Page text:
Walling v. State

Annotate this Case

437 S.W.2d 563 (1969)

Thomas WALLING, Appellant, v. The STATE of Texas, Appellee.

No. 41875.

Court of Criminal Appeals of Texas.

February 19, 1969.

John H. Green, Odessa, for appellant.

Jack Tidwell, Dist. Atty., Bruce Bangert, Asst. Dist. Atty., Odessa, and Jim D. Vollers, State's Atty., Austin, for the State.


ONION, Judge.

The offense is felony theft; the punishment, assessed by the jury, 10 years' confinement in the Texas Department of Corrections.

Appellant does not challenge the sufficiency of the evidence to sustain this conviction. Therefore, we deem it unnecessary to recite the facts.

Initially, appellant claims a fatal variance exists between the allegation in the indictment and the proof as to the ownership of the property taken.

*564 Appellant contends the evidence reflects that the four copper bars stolen were the property of United Concrete Pipe, a corporation, and that one Billy Whiddon had actual care, custody and control of the stolen property, not Jim Watts as alleged in the indictment.

The fact that the true owner was the corporation, United Concrete Pipe, is not disputed.

Watts testified he was plant manager for said corporation in Ector County and highest ranking employee in the Odessa area. He related that the entire plant facility from which the copper bars were taken, including all fixtures and machinery, was under his direct care, custody and control; that it was his responsibility to order additional copper bars when needed. He did admit that the copper bars in question had been under the immediate control of Billy Whiddon, a shop foreman, in the daily business at the plant.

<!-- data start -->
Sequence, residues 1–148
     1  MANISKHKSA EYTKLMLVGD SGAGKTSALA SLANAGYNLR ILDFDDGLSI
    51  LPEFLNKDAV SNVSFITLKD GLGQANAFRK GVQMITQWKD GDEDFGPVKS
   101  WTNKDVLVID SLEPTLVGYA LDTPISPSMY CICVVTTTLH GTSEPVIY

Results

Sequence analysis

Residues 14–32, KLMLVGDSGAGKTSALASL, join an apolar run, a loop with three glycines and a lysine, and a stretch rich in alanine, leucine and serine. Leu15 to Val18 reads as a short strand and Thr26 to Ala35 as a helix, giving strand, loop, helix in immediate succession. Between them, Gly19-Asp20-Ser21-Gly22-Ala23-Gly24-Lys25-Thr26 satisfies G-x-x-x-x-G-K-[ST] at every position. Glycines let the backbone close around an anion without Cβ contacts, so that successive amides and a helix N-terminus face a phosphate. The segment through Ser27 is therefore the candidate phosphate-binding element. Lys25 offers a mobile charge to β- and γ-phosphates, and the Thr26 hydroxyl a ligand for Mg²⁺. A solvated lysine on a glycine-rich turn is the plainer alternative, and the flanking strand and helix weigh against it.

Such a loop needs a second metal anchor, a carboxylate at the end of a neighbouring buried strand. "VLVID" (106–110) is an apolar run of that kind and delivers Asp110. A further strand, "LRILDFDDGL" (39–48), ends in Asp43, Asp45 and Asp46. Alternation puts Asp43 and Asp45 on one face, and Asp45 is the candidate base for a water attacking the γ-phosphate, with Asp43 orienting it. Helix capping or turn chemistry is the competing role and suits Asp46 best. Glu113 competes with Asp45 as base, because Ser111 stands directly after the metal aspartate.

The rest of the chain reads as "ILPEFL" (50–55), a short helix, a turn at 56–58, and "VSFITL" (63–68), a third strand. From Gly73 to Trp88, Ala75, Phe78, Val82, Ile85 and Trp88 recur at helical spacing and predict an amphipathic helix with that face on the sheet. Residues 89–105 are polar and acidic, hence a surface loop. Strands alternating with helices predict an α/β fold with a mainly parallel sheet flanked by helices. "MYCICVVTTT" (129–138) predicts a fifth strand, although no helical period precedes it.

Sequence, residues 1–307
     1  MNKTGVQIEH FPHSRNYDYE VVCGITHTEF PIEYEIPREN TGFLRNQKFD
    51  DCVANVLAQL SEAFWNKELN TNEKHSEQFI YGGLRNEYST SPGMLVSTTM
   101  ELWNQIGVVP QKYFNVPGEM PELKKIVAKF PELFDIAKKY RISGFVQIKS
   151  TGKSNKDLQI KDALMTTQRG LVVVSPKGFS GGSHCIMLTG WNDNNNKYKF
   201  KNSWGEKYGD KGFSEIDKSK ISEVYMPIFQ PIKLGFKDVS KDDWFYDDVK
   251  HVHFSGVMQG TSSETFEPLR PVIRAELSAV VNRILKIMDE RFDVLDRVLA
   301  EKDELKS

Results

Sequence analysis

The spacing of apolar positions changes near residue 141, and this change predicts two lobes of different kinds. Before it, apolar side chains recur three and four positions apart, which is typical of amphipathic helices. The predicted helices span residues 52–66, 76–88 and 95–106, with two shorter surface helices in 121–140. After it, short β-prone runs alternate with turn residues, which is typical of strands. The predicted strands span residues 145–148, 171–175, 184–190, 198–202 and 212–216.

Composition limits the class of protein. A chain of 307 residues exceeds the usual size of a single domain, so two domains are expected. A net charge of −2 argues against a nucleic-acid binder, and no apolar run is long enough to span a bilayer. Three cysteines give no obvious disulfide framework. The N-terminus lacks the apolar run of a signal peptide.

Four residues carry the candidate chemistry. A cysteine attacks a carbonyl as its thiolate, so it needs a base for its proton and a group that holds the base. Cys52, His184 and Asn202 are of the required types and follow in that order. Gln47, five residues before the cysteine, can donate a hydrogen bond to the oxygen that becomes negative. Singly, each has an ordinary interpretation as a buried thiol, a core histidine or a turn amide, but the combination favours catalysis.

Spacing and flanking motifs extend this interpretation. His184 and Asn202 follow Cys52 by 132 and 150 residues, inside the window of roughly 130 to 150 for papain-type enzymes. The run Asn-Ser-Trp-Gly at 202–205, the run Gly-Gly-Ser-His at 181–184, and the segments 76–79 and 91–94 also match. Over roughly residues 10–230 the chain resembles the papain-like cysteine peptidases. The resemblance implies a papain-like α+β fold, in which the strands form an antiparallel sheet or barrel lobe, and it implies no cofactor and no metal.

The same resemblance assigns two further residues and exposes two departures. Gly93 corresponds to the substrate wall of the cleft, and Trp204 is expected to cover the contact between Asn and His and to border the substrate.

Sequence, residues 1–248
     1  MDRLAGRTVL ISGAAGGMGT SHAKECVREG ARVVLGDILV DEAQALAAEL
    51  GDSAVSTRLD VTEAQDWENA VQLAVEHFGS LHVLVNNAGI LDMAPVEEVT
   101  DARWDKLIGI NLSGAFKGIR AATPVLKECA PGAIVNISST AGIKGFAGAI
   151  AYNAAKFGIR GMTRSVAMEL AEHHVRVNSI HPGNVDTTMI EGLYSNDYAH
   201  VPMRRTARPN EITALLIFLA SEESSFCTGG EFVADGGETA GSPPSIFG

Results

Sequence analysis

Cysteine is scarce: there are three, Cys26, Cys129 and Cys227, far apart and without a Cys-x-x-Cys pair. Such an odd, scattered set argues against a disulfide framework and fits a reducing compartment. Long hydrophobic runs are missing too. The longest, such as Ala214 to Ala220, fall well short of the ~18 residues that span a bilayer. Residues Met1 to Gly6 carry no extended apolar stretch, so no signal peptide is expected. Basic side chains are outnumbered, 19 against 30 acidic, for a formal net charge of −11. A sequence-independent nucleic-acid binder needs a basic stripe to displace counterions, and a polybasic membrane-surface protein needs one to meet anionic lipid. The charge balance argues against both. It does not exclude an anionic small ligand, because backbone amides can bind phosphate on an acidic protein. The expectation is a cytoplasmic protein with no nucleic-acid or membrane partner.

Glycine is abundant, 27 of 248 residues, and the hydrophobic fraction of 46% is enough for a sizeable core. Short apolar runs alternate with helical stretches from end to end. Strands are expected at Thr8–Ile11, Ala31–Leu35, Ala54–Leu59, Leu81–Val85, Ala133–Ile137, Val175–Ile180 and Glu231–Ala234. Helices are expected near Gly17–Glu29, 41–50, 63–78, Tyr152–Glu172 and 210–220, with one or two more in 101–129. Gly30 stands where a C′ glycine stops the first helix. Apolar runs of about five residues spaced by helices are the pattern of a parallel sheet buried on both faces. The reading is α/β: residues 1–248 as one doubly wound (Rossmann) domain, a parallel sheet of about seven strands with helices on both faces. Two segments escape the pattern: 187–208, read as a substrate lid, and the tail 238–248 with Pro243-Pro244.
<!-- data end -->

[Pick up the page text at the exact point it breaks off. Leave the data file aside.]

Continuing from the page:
It appears appellant overlooks the provisions of Article 21.08, Vernon's Ann.C. C.P., which provides in part:

"Where one person owns the property, and another person has the possession of the same, the ownership thereof may be alleged to be in either. Where property is owned in common, or jointly, by two or more persons, the ownership may be alleged to be in all or either of them. * * *"

The provisions of Article 21.08, supra, as to ownership apply alike to special owners as well as general owners, Bebout v. State, Tex.Cr.App., 418 S.W.2d 685, and is also applicable to corporations. Porter v. State, 172 Tex.Cr.R. 366, 357 S.W.2d 401; 5 Branch's Anno.P.C., 2d ed., § 2621, p. 69.

Further, the better rule of pleading in charging theft of property owned by a corporation is to allege both ownership and possession in a natural person acting for the corporation. Osborne v. State, 93 Tex. Cr.R. 54, 245 S.W. 928; 5 Branch's Anno. P.C., 2d ed., § 2626, p. 72.

In Dean v. State, 165 Tex.Cr.R. 417, 308 S.W.2d 501, where the State's proof showed both the superintendent and foreman of a company exercised actual control, care and management of liquid petroleum gas, it was held proper to allege ownership in either the foreman or superintendent. See also Morgan v. State, Tex.Cr.App., 399 S.W.2d 363.

The claim of variance is without merit. The evidence here establishes that Jim Watts exercised actual control and management of the property involved.

Ground of error #1 is overruled.

Next appellant contends the State failed to establish the value of the stolen property.

Watts testified that the four copper bars had a market value of approximately $200.00 in that each of the copper bars weighed about 100 pounds and copper was worth (at time of theft) approximately 50 cents a pound; that the bars taken were certainly worth over $50.00 (as alleged). Kenneth Crozier testified that immediately after the theft he purchased copper bars from the appellant for $96.60 and sold the same copper shortly thereafter for 50 cents a pound.

Ground of error #2 is overruled. Welch v. State, 170 Tex.Cr.R. 425, 341 S.W.2d 909.

In his third ground of error appellant contends the trial court erred in admitting his confession into evidence. Specifically, appellant complains he was not sufficiently apprised of his right to appointed counsel prior to and during his questioning.